Data was tabulated for 50 patients of sickle cell disease and 50 healthy controls without any haemoglobinopathy. There were 27 male sickle cell patients (54%), and 23 female sickle cell patients (46%), while in the control group 31 males (62%) and 19 females (38%) respectively (chi-square, p=0.073) [Figure 1]. Age distribution had among sickle cell patients below 13 years, 20 subjects (40%), above 13 years, 30 subjects (60%) while in non-sickle cell control group, below 13 years, 22 subjects (44%), and above 13 years 28 subjects (56%) (Chi-square, p=0.099) [Figure 2]. The present study concluded that the mean systolic blood pressure in sickle cell patients and control group was 119.46 ± 8.32 & 117.14 ± 8.10 (p=0.161), the diastolic blood pressure was 73.42 ± 7.88 & 72.60 ± 6.62 (p=0.575), mean blood pressure was 137.71 ± 11.44 & 135.85 ± 9.91 (p=0.385) and the pulse pressure was 46.04 ± 10.13 & 44.52 ± 9.0 (p=0.430) respectively [Table -1]

 

 

Statistical Analysis

Statistical t-test analysis was done using GNU PSPP version 1.2.0-g0fb4db. (https://www.gnu.org/software/pspp/). Outcomes of the present study did not show normal distribution and were tested for significance by Kruskal-Wallis Test.

 

 

Figure 1. Sex Distribution - Sickle and Non Sickle Patients

 

Blood Pressure Indices

Sickle Cell Disease (n=50)

Non - Sickle Cell Disease (n=50)

p value

(2-Tailed)

Systolic Blood Pressure

119.46 ± 8.32

117.14 ± 8.10

0.161

Diastolic Blood Pressure

73.42 ± 7.88

72.60 ± 6.62

0.575

Mean Blood Pressure

137.71 ± 11.44

135.85 ± 9.91

0.385

Pulse Pressure

46.04 ± 10.13

44.52 ± 9.00

0.430

Table 1. Blood Pressure indices in Sickle Cell Disease

Patients and Controls

 

 

DISCUSSION

Blood pressure and chronological age follow linear relationship till adulthood. Systolic blood pressure remains below 100 mmHg till six years and reaches 120/80 mmHg by adulthood. In concordance to the present study, Desai et al. found the systolic (122.3 ± 21.7 mmHg vs 132 ± 17.6 mmHg, p=0.81) and diastolic blood pressures (68.3 ± 18 mmHg vs 174.9 ± 16.3 mmHg, p=0.30) to be not significantly different between sickle and control groups.4 However, Johnson in a study of 187 patients found that the mean blood pressure of 116/70 mmHg for sickle cell anaemia patient was significantly lower than comparable control group.5 Aneke in a study of 79 sickle patients found systolic blood pressure mean of 115.52 ± 11.75 to be significantly (p=0.001) lower than mean 113.20 ± 7.94 for control group, and diastolic blood pressure was 62.59 ± 9.33 significantly lower (p = 0.003) than mean diastolic blood pressure of 75.40 ∓ 5.70 for control group6. However, the pulse pressure of 42.92 ± 10. 91 in comparison to 37.8 ± 7.43 for the control group was significantly (p = 0.003) higher. Similarly, a study of 187 patients from Los Angeles, 64 adult patients from Jamaica, 81 adult patient from Netherlands, and studies from Jamaica, Turkey and Nigeria and 3317 subject in Cooperative study of sickle cell disease reached similar conclusions that blood pressure for sickle cell anaemia patient is significantly lower than controls.7 The underlying mechanisms were postulated by as the natriuresis and hyposthenuria that blunts the maximal plasma volume expansion and cause lower blood pressure.7 The present study found no significant difference in the blood pressure indices of systolic and diastolic blood pressure, mean blood pressure and pulse pressure, in discordance to all the above mentioned studies, except the study by Desai et al.4 The present study has a larger population in higher than 13 years age group that corresponds to more adult level blood pressu­­res. Amma Benneh-Akwasi Kuma 20188 from retrospective chart review of 1,000 adults with sickle cell disease at the Ghana Institute of Clinical Genetics have proposed a phenomenon termed relative systemic hypertension (RSH) with a systolic blood pressure range of 120–139 mmHg, and diastolic blood pressure range of 70–89 mmHg. It is possible that the sickle population in the present study may be having relative systemic hypertension that can be ascertained with future studies.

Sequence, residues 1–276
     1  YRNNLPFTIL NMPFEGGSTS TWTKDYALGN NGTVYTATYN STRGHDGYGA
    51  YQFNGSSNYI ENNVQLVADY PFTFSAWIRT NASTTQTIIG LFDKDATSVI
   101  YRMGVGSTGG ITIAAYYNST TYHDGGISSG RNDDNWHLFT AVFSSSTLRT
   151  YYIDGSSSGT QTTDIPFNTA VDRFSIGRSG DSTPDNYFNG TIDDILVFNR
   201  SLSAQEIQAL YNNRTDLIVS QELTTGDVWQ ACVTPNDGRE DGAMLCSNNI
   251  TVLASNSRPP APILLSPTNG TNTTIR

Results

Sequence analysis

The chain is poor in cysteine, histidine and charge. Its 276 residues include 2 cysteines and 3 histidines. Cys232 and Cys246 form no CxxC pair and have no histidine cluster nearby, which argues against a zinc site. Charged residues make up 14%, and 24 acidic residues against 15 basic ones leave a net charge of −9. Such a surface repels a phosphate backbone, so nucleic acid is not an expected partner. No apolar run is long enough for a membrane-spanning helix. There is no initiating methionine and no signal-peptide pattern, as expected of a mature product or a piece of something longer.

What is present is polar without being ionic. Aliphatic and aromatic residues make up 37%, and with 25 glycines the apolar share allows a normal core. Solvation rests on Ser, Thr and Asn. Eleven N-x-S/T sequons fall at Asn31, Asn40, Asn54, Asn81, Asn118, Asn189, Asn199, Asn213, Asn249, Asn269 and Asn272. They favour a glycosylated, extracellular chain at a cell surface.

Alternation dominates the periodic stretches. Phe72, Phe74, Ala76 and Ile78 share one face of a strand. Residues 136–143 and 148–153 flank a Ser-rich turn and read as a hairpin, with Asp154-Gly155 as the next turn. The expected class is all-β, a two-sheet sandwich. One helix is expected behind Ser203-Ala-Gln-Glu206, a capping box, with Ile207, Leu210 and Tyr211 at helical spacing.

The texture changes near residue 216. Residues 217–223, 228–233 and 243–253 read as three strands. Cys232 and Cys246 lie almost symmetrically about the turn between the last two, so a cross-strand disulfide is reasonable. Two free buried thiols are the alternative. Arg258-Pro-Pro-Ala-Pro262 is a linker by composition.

Limitations

The present study is limited by a small study population. There is less representation of cases below 13 years of age and none below 8 years of age.

 

CONCLUSIONS

The present study determines no significant difference in blood pressure indices between sickle cell and normal subjects. This is in contradiction to the majority of other studies. Further studies are needed to ascertain that the phenomenon of relative systemic hypertension underlies this difference in the present study.